What basses are being used for modern blues?

Discussion in 'Basses [BG]' started by Les Izmor, Feb 19, 2010.

  1. Les Izmor

    Les Izmor

    Mar 10, 2008
    Western Mass
    I searched here on TB as well as on the net and found almost no info regarding the type of basses favored by blues bassists who dig something other than a four string Fender P or J. I looked on Joe Bonamassa's site and saw a few blurry pics of his bassist playing various difficult to identify instruments (with the exception of one clear photo of him using a Fender Jazz 5).

    I also saw the post on TB asking people to show the basses they use for blues, and unsurprisingly, it was dominated by Fender 4 string basses. Of course that is what I use myself to achieve my old school tone goals, but recently I've been impressed by the bass tone on some cuts on xm radio's bluesville which featured a more aggressive tone. Deep, but with biting mids and not a lot of highs. I'd characterize it as sounding active (like it had teeth), more Stingray than J or P, and the basses were definitely 5 strings. I'm sorry I can't name any artists (other than Joe above), I usually only like the originators.

    Oh and I know any kind of bass can be used to play blues, I'm curious about what has been used already.

    I recently saw Johnny Winter and his bassist used a Yamaha P bass 5 string. I also saw Taj Mahal not long ago and his bassist used a Warwick 5. What else have you all witnessed?

    I'm betting there have been some of these:

    active Jazz 5
    Stingray 5
    G&L 2500
  2. Nah it's still pretty much just 4-string Fenders! :D
  3. JimB52

    JimB52 User Supporting Member

    May 24, 2007
    East Coast
    I like the Fender Roscoe Beck model.
    Music Man Sterling or Stingray with the H/S pickup configuration works well, too.
  4. Moe Monsarrat

    Moe Monsarrat

    Jul 30, 2006
    Austin, Tx.
    Endorsing artist:Regenerate Guitar Works Carvin, Micheal Kelly Guitars
    Blues? This one can do it....The Kay Pro reissue.
  5. Doesn't this shift with the trends of the day?

    I tend not to be too concerned with what the other players are using. I guess that's not entirely true. I take joy in finding other players who still use a luddite rig like mine... SVT with a passive Fender-style 4 string. But I find players in every genre who use almost every kind of setup. I'm comfortable with my tone and I get plenty of complements on my sound and my playing. But other guys I know get an equal amount of complements, and their approach and sound can be the polar opposite of mine.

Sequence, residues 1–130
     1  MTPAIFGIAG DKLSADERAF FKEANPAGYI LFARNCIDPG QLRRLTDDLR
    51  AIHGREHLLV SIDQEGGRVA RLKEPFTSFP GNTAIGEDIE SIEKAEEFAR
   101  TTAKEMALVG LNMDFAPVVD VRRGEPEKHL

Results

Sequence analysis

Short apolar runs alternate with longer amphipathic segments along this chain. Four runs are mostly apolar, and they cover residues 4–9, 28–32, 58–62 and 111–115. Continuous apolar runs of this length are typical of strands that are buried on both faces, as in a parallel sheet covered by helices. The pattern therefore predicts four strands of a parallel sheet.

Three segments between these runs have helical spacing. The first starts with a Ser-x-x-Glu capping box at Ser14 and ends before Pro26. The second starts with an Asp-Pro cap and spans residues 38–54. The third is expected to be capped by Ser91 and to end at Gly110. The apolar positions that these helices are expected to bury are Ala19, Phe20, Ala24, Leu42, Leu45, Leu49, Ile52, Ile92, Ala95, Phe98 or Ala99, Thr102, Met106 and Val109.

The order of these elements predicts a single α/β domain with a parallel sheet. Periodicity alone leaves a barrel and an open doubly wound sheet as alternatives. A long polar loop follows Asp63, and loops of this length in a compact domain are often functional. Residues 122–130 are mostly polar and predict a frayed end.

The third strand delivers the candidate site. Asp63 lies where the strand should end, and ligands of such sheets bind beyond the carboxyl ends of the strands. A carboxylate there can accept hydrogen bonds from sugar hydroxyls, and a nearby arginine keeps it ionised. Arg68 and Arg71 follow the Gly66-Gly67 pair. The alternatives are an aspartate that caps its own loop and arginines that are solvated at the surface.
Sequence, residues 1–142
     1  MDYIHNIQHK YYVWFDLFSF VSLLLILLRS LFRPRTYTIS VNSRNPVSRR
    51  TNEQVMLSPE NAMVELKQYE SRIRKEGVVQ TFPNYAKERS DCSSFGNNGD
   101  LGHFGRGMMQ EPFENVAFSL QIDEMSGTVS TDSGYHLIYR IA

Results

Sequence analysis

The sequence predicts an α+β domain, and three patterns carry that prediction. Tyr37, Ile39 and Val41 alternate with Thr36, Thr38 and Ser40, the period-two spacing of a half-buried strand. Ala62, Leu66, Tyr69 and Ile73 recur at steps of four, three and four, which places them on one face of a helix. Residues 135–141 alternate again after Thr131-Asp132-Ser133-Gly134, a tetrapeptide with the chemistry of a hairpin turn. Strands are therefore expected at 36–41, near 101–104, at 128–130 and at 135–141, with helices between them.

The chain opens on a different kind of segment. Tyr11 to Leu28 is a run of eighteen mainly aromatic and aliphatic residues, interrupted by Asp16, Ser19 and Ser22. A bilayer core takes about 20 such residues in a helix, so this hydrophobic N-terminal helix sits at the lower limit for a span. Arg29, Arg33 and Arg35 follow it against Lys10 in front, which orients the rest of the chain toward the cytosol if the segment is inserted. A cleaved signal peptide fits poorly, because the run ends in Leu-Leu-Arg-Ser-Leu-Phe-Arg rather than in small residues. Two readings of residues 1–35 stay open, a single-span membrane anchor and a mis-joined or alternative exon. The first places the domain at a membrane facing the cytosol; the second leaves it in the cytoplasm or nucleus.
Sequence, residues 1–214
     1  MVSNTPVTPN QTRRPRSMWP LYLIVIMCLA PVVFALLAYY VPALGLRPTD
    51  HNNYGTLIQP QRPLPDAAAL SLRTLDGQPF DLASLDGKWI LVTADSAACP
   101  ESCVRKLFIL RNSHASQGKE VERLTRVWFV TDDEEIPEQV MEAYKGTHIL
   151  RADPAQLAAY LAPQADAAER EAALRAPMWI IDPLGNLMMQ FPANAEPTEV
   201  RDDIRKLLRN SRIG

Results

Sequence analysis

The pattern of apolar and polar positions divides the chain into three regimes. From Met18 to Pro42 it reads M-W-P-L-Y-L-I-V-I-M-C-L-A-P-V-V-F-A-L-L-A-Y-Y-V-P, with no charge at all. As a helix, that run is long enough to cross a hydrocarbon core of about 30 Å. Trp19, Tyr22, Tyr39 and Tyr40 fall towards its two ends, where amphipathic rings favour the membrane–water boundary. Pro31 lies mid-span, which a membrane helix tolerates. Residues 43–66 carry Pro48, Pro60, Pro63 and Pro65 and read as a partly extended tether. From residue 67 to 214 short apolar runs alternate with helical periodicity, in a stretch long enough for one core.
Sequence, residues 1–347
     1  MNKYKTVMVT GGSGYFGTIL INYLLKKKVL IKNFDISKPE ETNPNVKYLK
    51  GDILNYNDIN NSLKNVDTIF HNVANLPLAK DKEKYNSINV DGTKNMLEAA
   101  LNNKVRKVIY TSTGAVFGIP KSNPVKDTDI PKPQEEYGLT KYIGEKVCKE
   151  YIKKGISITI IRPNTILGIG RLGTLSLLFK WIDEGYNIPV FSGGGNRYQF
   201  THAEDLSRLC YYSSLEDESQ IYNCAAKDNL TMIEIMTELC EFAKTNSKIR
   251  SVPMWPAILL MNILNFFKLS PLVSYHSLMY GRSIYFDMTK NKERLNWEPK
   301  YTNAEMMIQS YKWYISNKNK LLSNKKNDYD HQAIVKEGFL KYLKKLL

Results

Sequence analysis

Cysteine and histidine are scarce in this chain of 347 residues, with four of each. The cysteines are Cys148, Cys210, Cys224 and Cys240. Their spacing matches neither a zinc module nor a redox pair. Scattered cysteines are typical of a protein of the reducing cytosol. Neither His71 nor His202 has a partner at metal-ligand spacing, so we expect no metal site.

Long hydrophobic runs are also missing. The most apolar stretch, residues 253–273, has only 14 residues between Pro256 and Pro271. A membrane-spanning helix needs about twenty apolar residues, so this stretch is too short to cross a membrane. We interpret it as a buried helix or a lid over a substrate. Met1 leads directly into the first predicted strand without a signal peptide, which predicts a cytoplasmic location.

6. Les Izmor

    Les Izmor

    Mar 10, 2008
    Western Mass
    JimB52, I'd like to hear a Roscoe Beck, but none ever turn up in my neck of the woods.
  7. I play a Stingray 5 in a blues band.

    In 2009, the blues band I'm in went to the International Blues Challenge in Memphis. And while I didn't catch every act there, I'm guessing that I caught enough for a good cross-section. I saw a couple of Smiths, a Spector, G&L, Carvin, Music Man (Ernie Ball era), Ibanez, Peavey T-40... Oddly enough, I only saw 2 P-basses but several J-basses. Several guys were playing URB as well.
  8. Les Izmor

    Les Izmor

    Mar 10, 2008
    Western Mass

    Thanks R up, your reply is exactly the type of info I am curious about. Stingray's can surely get the tone I've been hearing. I'm also not surprised to see Smith's in the mix.

    To everyone who seems to be misreading my post a bit; I understand your perspective that blues (or any genre) can be played on any instrument. But that is not what I'm asking about. My question is not "what bass can I play the blues on?". Also, I'm not a blind follower. I know what I like, and I've been happily crafting "my sound" since 1987 using various equipment :)

    I'm simply curious about filling a gap in my knowledge. I don't usually dig aggressive modern tones, but lately I've been enjoying the bass sounds in current blues recordings (from the likes of Joe Bonamassa). So, I'm asking the guys (and gals) who follow this type of music to let me know what instruments are being used to achieve the tone I'm enjoying listening to. :cool: